Well done, Minister – almost $1bn of spare Covid cash is found and Robertson lands a new job to keep an eye on his colleagues

Yes, Grant Robertson’s pre-Budget speech has now been posted on the Beehive website and we can officially confirm that not all funding allocated in the COVID Response and Recovery Fund has been spent. Our Finance Minister has almost $1 billion of unspent dosh to play with (and the Taxpayers Union is reminding him he is under not obligation to spend it).

He also confirmed he has a new job (but we imagine he won’t be relinquishing any of the others).  He will be leading the establishment of a team which will ride shotgun on the implementation of “critical” initiatives.

This means he will set up a new team to do the PM’s job of ensuring ministers actually do what she wants them do and what they are paid to do, in other words.

As part of the Budget preparation, Robertson told the Wellington Chamber of Commerce, he asked each Minister to look again at COVID spending for which they were responsible to see if it was  still needed or is still a priority, and whether underspends could be reprioritised.

And hey – this exercise has yielded around $926 million worth of savings. Continue reading “Well done, Minister – almost $1bn of spare Covid cash is found and Robertson lands a new job to keep an eye on his colleagues”

No need to worry; the consensus says inflation isn’t going to be a problem

Ever since the 2008 financial crisis, pessimists have been saying we are due a global inflation surge. So far they’ve been wrong. The world’s economies, particularly the rich ones, have sucked up fiscal and monetary stimulus and the biggest official concern has usually been that the inflation rate is too low.

But even a stopped clock eventually shows the right time.  Given Covid-induced monetary and fiscal overdrive, might the worriers finally be proved right?

Continue reading “No need to worry; the consensus says inflation isn’t going to be a problem”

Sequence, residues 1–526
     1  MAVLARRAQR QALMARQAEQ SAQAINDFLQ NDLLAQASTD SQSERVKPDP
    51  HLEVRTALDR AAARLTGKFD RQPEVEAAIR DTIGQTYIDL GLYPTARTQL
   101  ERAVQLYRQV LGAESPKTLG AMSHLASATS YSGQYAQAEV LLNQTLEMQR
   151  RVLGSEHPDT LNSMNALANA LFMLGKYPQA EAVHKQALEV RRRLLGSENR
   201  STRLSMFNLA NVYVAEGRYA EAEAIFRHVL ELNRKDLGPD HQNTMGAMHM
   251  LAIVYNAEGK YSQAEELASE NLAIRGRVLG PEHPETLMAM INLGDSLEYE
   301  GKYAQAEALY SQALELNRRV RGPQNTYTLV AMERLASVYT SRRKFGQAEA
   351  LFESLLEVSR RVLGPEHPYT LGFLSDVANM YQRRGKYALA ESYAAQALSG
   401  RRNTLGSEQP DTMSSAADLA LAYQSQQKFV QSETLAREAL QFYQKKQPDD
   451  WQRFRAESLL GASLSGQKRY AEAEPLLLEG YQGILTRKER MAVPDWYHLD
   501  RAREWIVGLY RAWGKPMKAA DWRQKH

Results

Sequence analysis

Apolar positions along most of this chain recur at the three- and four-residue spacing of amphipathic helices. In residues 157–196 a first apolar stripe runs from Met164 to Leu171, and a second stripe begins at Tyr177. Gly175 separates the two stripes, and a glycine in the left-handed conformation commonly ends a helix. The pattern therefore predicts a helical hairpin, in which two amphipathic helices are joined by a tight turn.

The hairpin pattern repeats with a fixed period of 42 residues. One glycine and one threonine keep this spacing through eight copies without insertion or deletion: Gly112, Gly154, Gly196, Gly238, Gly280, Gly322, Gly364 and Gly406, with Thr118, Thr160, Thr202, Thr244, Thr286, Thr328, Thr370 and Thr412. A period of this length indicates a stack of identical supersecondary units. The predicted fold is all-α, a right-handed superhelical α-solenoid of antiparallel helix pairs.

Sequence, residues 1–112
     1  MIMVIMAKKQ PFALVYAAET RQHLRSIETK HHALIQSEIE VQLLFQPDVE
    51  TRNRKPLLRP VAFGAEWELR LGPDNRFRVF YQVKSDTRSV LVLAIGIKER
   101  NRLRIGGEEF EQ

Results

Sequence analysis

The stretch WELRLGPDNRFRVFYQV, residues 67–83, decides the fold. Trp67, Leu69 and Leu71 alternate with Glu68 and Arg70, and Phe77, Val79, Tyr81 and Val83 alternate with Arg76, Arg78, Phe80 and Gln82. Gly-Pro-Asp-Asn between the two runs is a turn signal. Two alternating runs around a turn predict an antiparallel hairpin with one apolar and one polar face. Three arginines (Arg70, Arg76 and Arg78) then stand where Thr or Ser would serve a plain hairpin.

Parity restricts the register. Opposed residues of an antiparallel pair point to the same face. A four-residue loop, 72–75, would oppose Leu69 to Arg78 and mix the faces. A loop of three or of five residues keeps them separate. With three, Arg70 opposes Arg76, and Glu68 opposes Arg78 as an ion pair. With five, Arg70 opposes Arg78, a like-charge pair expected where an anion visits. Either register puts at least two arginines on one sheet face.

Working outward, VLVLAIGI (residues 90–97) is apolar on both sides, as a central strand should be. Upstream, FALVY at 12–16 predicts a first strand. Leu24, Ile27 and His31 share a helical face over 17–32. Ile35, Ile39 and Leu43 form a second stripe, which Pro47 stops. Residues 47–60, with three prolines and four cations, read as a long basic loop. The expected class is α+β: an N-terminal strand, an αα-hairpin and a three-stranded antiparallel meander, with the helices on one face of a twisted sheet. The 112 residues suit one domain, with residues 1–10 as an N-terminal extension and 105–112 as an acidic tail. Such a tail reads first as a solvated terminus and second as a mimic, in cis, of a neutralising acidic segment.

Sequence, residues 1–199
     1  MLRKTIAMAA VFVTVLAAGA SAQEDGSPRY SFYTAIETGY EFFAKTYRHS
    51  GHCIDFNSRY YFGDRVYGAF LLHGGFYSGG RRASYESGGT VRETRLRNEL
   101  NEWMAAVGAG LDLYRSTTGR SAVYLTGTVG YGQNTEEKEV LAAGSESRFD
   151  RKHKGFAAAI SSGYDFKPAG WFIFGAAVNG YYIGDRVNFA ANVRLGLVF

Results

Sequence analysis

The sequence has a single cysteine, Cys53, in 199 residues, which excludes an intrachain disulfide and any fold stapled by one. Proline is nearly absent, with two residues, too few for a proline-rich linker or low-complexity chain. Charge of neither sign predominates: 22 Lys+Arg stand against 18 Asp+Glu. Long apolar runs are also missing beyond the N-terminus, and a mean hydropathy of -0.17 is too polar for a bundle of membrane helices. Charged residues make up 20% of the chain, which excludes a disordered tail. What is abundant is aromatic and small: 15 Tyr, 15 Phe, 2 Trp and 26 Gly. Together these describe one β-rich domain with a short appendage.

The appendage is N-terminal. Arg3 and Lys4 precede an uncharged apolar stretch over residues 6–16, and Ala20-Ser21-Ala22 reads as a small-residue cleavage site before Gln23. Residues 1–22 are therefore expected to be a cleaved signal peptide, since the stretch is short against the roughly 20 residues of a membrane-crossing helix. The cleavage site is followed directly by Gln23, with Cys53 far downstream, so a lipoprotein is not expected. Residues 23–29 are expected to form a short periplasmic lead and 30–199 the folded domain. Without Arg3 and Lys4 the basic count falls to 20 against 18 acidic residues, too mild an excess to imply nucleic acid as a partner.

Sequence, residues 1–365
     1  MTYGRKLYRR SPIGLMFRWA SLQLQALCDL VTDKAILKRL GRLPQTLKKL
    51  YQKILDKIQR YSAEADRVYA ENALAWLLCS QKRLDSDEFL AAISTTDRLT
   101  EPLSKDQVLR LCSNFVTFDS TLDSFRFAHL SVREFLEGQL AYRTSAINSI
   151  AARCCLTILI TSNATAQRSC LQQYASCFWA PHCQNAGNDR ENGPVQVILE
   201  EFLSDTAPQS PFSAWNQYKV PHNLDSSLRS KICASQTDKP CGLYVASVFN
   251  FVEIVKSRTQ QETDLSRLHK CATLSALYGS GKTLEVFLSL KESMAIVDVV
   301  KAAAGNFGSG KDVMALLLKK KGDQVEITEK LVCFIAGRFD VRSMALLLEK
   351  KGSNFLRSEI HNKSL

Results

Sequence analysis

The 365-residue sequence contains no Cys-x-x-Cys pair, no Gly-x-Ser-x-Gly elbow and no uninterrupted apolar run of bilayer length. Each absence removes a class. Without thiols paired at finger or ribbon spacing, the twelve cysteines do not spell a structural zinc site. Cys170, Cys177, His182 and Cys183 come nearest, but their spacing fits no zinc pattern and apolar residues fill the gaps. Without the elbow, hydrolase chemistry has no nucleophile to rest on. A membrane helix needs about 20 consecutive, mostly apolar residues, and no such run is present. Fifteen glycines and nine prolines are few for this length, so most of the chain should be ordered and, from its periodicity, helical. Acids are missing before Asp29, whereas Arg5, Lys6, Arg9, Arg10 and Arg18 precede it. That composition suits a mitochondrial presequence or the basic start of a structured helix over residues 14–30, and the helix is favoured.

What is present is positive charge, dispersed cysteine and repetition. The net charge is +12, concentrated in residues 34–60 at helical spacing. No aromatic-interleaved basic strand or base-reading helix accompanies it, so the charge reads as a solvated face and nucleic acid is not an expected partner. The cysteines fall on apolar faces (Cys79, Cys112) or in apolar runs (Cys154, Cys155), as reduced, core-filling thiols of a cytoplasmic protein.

Financial Times chips in with some advice to our Finance Minister on the folly of adding housing to central bank’s deliberations

A Financial Times leader delivers advice that Finance Minister Grant Robertson should (but probably won’t) consider.

Essentially, the advice is to resist the temptation to  involve the central bank in the challenge of slowing the rise in house prices.

Changing regulation and reforming planning law is a smarter way to go.

The FT observes that – to many – it may seem obvious that the central bank quantitative easing programmes launched after the 2008 financial crisis have led to inflation, as money printing inevitably does.

But the inflation has shown up in booming stock markets, high prices for art and collectibles, and surging cryptocurrencies.  Rather than higher consumer prices, cheap money has led to asset price inflation.

In this reading, the FT says, central banks should reconsider their stimulus policies because they are only delaying and deepening the eventual bust.

Furthermore, according to the critics, stimulus is increasing wealth inequality and worsening housing crises.  Higher asset prices increase the net worth (as measured by market prices) of those who already have substantial wealth while leaving the position of those without assets unchanged.

Similarly, it pushes home ownership further out of the reach of those lacking in savings or inheritances — inflation that shows up in assets but not wages is particularly bad news for affordability.